The market doesn’t just sell meat and vegetables – there are plenty of stalls selling flowers, cakes, bread, pickles, wine, cider, liquors, hot chocolate… you name it! Although I don’t have money to spend at the moment on beautiful flowers, a picture lasts longer, right? Check out that gorgeous autumnal display at the back!
Although when I went to the market it was at the end of August, autumn was definitely creeping in – I had to take some photos of this gorgeous sugar pumpkin reclining with its bed-mates… right before I bought him, of course.
Pumpkin is one of those things I love but never seem to eat enough of. I would love to eat this beauty in a delicious Thai-style coconut soup… or maybe in a sweet, creamy risotto…
These guys, though, you can enjoy simply cutting off the top, scooping out the seeds and replacing them with a drizzle of olive oil and a dot of butter, plus seasonings, then baking in the oven. They were delicious – and called ‘Little Gem squash’ – how could I resist?
Hampshire also grows some pretty nice blueberries. I love blueberries! Unfortunately, by the time I got mine home, they had fallen out of the open punnet and gone all over the bag. Luckily, I knew just what to do, thanks to Nigella’s Express…
Cook ’em with maple syrup and eat ’em with pancakes, of course… I’ve got three blueberry bushes in my garden, and so far I’ve harvested two berries, directly into my mouth. I think they need bigger pots…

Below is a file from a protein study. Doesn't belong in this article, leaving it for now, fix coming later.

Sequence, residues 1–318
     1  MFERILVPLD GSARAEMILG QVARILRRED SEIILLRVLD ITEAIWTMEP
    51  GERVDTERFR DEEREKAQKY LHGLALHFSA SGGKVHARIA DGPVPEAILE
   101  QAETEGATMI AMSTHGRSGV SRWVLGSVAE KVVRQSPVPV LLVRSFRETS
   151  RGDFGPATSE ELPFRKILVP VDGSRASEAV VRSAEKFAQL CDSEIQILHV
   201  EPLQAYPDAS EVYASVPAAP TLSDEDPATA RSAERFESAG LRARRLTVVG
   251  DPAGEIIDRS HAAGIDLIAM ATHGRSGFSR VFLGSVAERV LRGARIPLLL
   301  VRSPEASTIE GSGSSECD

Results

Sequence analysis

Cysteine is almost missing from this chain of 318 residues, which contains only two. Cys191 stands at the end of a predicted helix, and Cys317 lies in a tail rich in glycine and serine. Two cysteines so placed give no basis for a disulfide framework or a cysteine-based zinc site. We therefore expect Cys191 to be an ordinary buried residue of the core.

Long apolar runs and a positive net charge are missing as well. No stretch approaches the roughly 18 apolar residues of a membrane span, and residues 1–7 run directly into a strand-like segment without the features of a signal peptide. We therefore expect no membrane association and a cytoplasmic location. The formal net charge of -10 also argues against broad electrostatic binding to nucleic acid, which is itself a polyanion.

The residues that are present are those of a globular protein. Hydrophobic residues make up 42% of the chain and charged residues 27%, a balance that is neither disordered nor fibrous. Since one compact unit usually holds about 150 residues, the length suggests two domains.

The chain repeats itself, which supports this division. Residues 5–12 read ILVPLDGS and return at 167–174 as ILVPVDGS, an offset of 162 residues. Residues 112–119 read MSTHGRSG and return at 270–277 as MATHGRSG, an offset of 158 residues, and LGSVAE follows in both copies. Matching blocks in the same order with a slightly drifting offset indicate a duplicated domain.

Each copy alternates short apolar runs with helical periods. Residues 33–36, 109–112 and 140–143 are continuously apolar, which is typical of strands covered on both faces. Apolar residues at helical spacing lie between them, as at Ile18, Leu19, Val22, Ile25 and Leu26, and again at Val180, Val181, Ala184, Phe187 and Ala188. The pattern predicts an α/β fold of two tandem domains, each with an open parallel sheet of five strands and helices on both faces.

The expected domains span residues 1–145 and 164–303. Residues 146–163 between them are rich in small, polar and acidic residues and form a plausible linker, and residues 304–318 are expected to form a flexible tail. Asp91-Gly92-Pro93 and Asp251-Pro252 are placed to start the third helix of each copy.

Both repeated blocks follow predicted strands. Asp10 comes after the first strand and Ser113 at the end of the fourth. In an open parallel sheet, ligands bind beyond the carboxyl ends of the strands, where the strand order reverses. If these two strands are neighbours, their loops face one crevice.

A real Hampshire speciality, though, is watercress. Hot and peppery, it’s a semi-aquatic plant that thrives in what look like overgrown ponds, but are actually watercress fields, I guess. Alresford, Winchester, is supposedly the ‘watercress capital’ of the UK, and there’s even a railway line called the Watercress Line named for it, which used to carry the watercress harvest to London.
Did you know that watercress is one of the oldest known leaf vegetables eaten by man? (Thanks Wikipedia!) In the UK, we don’t just eat watercress in sandwiches. We’re also pretty good at making watercress soup and watercress pesto – and even watercress pate, crepes and shortbread.
Cresson Creative is probably the most prominent watercress seller at the market, and they also have a catering company as well. Their crepes are delicious!
I’m all farmers’ marketed out now, but I still want to tell you all about Isle of Wight garlic (the best!) and my favourite meat and vegetable stalls at the market. Stay tuned!